This year’s Children’s Mental Health Week focuses on finding creative ways for you to express how you are feeling, what you are thinking and any ideas you might have to help others and its not just for kids!
Why is Children’s Mental Health Week important?
With every passing year, information on mental health is increasing and children are becoming more familiar with the words and the understanding that we all have mental health. Schools are finding teaching opportunities for children to develop their understanding that physical and mental health go hand in hand for their development and positive experiences. This year, there has been a lot of talk about mental health and building awareness of the impact our current lives are having on our ability to cope. Our children are having another stint at home schooling or are in school with fewer friends and opportunities to interact with others. Having a week to focus on our children’s mental health is a good way to continue to keep the conversation going and the teaching opportunities flowing; with input from The Duchess of Cambridge, it is bringing the subject to the forefront of everyone’s minds and reminding us that mental health something we all have.
Thinking about this year’s theme, what can we do to promote our child’s and our own mental health needs?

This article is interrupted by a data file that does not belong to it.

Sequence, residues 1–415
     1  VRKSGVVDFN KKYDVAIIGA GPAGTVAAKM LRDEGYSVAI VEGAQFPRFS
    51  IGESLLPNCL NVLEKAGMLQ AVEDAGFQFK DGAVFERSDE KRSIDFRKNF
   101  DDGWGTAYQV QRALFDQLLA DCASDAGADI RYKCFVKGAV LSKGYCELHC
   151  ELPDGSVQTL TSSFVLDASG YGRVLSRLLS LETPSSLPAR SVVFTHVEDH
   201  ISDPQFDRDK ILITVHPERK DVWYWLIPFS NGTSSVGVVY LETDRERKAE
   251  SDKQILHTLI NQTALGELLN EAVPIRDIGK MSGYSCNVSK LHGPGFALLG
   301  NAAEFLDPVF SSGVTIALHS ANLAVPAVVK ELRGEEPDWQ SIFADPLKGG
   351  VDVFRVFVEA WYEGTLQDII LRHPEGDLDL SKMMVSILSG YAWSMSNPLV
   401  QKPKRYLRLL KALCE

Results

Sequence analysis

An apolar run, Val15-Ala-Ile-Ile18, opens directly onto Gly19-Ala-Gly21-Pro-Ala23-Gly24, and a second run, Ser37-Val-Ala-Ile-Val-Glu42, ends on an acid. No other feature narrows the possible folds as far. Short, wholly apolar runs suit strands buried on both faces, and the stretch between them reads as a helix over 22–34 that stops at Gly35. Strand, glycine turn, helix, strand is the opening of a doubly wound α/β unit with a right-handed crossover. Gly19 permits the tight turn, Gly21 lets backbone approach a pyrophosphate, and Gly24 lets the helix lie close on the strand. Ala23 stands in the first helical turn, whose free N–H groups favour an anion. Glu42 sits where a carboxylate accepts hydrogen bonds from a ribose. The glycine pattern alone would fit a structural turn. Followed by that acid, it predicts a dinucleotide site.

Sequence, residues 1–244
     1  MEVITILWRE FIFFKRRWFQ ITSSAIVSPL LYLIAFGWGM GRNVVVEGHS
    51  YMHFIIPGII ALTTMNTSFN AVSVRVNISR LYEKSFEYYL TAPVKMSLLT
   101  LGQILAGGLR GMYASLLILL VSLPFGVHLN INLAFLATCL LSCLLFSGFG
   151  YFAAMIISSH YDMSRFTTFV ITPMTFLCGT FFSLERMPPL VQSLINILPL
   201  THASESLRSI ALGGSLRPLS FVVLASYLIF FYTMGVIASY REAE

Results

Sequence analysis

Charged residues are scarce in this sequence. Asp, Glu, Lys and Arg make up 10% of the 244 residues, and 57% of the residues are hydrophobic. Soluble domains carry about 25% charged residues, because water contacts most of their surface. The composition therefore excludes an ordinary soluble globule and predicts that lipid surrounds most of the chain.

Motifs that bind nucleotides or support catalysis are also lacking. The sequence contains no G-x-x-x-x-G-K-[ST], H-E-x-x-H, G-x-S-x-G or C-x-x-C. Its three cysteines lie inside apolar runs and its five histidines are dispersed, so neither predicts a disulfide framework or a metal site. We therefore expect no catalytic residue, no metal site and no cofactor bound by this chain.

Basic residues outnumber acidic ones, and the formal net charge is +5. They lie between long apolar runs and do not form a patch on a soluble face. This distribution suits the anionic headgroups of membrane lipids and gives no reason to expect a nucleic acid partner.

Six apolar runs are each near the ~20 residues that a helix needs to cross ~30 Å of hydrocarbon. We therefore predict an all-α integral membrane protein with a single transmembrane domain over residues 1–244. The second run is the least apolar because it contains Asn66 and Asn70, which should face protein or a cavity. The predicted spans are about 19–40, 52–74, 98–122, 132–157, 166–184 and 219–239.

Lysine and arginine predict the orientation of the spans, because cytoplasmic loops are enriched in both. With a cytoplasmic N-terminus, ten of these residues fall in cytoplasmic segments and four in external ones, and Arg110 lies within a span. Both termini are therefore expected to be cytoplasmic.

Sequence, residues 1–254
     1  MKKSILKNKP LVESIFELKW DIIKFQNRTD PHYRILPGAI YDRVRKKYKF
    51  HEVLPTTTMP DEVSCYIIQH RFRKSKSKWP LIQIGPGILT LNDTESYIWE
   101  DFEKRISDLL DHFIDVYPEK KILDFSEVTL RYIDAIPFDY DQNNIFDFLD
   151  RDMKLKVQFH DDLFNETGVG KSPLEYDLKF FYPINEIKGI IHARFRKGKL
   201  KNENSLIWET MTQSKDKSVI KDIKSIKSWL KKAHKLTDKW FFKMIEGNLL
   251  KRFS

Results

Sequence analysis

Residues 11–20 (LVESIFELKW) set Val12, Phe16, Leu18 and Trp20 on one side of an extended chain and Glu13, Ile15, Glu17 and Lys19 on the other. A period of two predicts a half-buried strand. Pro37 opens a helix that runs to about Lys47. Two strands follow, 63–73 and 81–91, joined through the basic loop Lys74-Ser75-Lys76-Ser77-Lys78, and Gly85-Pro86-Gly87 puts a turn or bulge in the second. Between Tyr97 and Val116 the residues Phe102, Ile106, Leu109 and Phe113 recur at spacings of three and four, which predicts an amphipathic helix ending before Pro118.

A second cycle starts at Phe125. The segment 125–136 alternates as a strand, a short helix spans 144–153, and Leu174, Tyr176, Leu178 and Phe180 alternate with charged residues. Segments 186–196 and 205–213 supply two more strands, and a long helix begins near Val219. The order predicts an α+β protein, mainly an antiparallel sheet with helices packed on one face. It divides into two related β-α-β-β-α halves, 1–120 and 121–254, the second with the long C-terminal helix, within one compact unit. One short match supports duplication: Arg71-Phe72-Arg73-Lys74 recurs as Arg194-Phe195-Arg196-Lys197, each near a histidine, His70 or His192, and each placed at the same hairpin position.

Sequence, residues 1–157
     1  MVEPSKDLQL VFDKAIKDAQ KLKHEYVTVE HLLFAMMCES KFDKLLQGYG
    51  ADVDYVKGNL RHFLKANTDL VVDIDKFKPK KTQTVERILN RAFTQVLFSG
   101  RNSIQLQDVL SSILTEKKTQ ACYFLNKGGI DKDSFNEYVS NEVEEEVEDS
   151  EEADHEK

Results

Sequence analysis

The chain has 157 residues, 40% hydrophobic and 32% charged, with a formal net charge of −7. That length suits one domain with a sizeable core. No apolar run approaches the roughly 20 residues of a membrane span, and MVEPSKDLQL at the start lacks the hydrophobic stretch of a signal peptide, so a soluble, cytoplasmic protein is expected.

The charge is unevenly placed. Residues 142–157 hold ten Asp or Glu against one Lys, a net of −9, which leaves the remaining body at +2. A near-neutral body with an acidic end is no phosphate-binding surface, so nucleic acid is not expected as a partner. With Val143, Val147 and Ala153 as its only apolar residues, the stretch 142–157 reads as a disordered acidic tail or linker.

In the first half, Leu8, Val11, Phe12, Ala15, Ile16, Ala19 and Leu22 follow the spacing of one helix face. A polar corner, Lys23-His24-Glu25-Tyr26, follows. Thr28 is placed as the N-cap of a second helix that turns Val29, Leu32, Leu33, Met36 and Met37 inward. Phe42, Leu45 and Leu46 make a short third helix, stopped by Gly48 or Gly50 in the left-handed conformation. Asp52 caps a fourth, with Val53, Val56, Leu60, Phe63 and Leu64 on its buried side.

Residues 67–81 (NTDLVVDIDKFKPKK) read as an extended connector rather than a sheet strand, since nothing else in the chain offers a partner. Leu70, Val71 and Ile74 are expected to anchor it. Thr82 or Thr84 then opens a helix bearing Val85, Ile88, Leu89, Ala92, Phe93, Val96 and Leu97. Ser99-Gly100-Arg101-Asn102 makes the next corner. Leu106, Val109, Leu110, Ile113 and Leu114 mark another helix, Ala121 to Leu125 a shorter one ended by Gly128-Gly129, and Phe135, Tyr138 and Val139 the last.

Is there that one piece of music or a song you can listen to hundreds of times and smile every time you hear it or is there that one song that you know every word to and you can sing at the top of your lungs? Music is so powerful and emotive and can really lift your mood. During this week, can you find the song that makes you smile and want to get up and dance to? Sing and dance until you can’t anymore; not only will this benefit your physical wellbeing, it will also do wonders by lifting your mood. Even if it is a quick stint on Just Dance and you have to stop to catch your breath!
Drawing, colouring, painting and (if you are feeling messy) clay can be a really good way of expressing how you are feeling without having to find the words. Take time to think about what you are feeling and see if you can get this across in your artwork. Being in that moment gives you the chance to breathe out and is a great way to bring some mindfulness in to your day.
If you are someone who enjoys writing, see if you can create a short story or a poem to share your thoughts and feelings through the eyes of a character or the reader. Are there interesting ways to convey how you feel? Maybe try shape poems or using words to describe the emotion so the reader has to think about what the writer is feeling.
How can we support younger children with expressing themselves?
Young children can often become frustrated when they can’t find the words to explain their emotions or how they are feeling. Expressing themselves through play and art will allow them the opportunity to open up without the pressure of finding ways to say it. Creative play such as role play or using puppets to tell a story can be a good way to encourage a conversation and stories such as Ruby’s Worry can help them to grasp the concept of mental health and well-being. Younger children have fewer inhibitions and will embrace creativity without a second thought, given some paint and some space, creativity will flow where learning and conversation opportunities can flow.
Being creative is not about being perfect; art and expression is open to interpretation and is as individual as you are. Embrace your creativity and express yourself, you can always clean up the mess later!